Epistemological reductionism is, broadly speaking, an attempt to answer sceptical worries concerning epistemic "access". For example, how are we to have representational epistemic access to:

- states of affairs (e.g., future ones or long past ones),
- mathematicalia (e.g., infinite sets),
- moral properties (e.g., the property of being morally obliged somehow),
- possibilities (e.g., a possible world in which there are $\aleph_0$ members of the Beatles)
- the structure of space and time (e.g., the fine-grained topology of space below the Planck scale),
- causal connections (e.g., the connection between the magnetic field and force on a nearby electron),
- etc.?

*reduction*, such as:

1. If $p$, then it isEach of these reductionist proposals attempts to "close the gap" between the world and the mind. For example, if $p$, then rational inquiry would yield an epistemic warrant for $p$. This is the core assumption of Semantic Anti-Realism: that each truth isknowablethat $p$.

2. If a term $t$ has a value, then that valuecan be computed/constructed.

3. If a term $t$ has a value, then that valuehas been physically tokened.

4. If $P$ is a proof of $\phi$, then someone (or some community)grasps and accepts$P$.

*knowable*. (A similar view was advocated by Kant, Peirce and Dummett.)

However, Descartes, Hume, Russell and Popper all argued, in their own way, that these epistemic "gaps"

*cannot*be closed. (Descartes went on to try and close the gap by a complicated argument, set out in his

*Meditations*, involving God.) For the possibility of the obtaining of a state of affairs, of which we are

*non-cognizant*cannot, at least not with certainty, be ruled out.

That said, such a conclusion does not imply that one ought to be a sceptic. Human cognition, which I assume is neurophysiologically much like primate cognition (and in some respects like all animal cognition), presumably functions reasonably well in acquiring representational states which count as knowledge. Unfortunately, little is understood on this important topic in cognitive psychology, mainly because it is incredibly unclear what these representational states are. It merely says that we can't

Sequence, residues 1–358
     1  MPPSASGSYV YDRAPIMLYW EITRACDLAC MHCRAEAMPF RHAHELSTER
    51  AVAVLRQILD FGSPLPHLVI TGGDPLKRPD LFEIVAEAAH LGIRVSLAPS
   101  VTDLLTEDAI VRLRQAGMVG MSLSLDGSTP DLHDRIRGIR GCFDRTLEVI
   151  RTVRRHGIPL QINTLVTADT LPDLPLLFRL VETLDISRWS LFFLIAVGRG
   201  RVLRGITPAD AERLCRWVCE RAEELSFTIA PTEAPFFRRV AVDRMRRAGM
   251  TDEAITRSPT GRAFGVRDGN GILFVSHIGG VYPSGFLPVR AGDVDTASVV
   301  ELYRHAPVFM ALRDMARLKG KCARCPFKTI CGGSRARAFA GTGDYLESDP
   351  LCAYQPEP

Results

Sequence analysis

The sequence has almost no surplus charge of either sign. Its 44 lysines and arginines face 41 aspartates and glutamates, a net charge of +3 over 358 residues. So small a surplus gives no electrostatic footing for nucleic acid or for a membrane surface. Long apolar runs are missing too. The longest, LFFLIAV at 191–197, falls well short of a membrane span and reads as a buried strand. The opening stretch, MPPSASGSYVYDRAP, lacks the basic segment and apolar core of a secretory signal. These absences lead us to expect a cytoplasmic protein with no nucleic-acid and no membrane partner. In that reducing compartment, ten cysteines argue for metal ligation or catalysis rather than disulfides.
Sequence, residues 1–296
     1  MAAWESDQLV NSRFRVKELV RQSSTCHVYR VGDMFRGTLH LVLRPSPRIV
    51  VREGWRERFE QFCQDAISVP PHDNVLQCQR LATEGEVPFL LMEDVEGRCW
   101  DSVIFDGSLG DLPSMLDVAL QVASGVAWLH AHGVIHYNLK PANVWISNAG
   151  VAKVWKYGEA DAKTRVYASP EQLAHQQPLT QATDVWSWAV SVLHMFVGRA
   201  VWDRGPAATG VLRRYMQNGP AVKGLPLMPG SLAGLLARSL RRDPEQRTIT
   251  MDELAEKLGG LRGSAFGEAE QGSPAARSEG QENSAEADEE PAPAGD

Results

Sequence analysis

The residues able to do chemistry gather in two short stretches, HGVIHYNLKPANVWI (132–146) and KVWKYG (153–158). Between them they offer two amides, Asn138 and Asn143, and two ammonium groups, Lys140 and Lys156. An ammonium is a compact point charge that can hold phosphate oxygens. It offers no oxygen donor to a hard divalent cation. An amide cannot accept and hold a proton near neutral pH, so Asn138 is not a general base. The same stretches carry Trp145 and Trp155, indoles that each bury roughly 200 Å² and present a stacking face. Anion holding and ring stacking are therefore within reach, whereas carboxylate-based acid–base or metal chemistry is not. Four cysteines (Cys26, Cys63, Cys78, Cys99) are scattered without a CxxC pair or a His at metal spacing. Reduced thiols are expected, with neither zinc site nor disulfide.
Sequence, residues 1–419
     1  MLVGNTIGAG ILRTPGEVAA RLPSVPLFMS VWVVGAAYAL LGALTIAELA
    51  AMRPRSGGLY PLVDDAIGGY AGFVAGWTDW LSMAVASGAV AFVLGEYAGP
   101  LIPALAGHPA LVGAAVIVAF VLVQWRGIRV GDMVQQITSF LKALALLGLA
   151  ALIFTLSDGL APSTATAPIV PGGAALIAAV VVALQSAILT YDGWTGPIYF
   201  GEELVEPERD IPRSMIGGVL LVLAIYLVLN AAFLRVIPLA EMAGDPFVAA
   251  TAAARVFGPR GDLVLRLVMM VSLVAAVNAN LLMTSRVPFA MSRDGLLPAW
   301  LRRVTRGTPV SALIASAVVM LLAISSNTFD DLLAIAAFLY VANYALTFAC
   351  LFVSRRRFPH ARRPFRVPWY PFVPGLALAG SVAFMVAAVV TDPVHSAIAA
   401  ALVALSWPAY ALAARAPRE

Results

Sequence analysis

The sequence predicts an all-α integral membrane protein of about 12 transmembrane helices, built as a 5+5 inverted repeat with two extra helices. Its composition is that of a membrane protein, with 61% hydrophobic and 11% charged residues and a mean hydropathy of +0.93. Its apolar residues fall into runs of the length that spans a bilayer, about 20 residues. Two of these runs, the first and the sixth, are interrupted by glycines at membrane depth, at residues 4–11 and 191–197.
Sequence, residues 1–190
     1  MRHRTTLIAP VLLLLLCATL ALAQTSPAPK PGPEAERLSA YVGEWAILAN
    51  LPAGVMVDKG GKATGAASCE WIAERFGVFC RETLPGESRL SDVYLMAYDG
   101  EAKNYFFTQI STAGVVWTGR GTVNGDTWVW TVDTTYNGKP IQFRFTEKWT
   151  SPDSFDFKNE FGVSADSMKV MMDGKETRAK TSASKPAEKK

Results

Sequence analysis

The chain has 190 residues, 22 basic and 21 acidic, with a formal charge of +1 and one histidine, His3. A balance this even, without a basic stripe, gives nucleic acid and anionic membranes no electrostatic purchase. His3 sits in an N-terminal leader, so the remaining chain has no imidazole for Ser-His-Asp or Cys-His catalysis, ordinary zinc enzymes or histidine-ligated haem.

*rule out*sceptical scenarios.

"2. If a term t has a value, then that value can be computed/constructed."

ReplyDeleteSomebody doesn't like non-constructive proofs. What does the word "value" mean in this context? Are we denying the Axiom of Choice here? One thing often ignored by AC-haters is that the consequences of denying AC are worse than the consequences of accepting it. If one is a constructivist, fine ... but your real line is full of holes and the intermediate value theorem is false. I can't live in a mathematical world like that and neither can the vast majority of working mathematicians.

If you want to have a continuum, then there must be an uncountable infinity of points that can never be defined, named, characterized, outputted by a Turing machine, approximated by an algorithm, etc.

I just don't understand the desire to name everything. Fact is there simply aren't enough names. Deal with it.

Thanks, Anon,

ReplyDeleteYes, I agree :) I'm thinking here of very low-level, computational terms in arithmetic, i.e., numeral terms in arithmetic, such as $(2 \cdot 3) + 5$, or $2^{2^{2^{2}}}$, etc. Ultra-finitists think that if a term $t$ has a value, then there should be an actual computation verifying it.

Yes, one could generalize the point to all sorts of valuations, and to cases where AC becomes relevant. For a case where AC isn't relevant, we could consider e.g., $\| GC \|_{\mathbb{N}}$, i.e., the truth value of Goldbach's Conjecture in the standard model $\mathbb{N}$. No one knows what this is. But normally we assume that each arithmetic statement has a truth value, even though we're not guaranteed to ever find out.

Cheers,

Jeff